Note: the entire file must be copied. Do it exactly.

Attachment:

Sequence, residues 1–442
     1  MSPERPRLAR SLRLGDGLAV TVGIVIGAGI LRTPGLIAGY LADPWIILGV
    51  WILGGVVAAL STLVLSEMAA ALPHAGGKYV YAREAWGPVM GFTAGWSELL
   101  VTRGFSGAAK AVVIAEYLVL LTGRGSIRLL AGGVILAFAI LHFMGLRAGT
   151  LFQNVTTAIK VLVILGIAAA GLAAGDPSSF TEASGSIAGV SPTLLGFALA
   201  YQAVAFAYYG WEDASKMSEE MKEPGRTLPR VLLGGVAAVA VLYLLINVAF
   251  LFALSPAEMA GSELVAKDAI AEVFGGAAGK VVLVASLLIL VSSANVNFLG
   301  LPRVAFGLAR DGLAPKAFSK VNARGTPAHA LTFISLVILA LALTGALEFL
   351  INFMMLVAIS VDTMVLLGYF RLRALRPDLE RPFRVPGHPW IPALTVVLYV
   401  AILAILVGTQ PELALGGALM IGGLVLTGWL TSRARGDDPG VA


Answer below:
Sequence, residues 1–442
     1  MSPERPRLAR SLRLGDGLAV TVGIVIGAGI LRTPGLIAGY LADPWIILGV
    51  WILGGVVAAL STLVLSEMAA ALPHAGGKYV YAREAWGPVM GFTAGWSELL
   101  VTRGFSGAAK AVVIAEYLVL LTGRGSIRLL AGGVILAFAI LHFMGLRAGT
   151  LFQNVTTAIK VLVILGIAAA GLAAGDPSSF TEASGSIAGV SPTLLGFALA
   201  YQAVAFAYYG WEDASKMSEE MKEPGRTLPR VLLGGVAAVA VLYLLINVAF
   251  LFALSPAEMA GSELVAKDAI AEVFGGAAGK VVLVASLLIL VSSANVNFLG
   301  LPRVAFGLAR DGLAPKAFSK VNARGTPAHA LTFISLVILA LALTGALEFL
   351  INFMMLVAIS VDTMVLLGYF RLRALRPDLE RPFRVPGHPW IPALTVVLYV
   401  AILAILVGTQ PELALGGALM IGGLVLTGWL TSRARGDDPG VA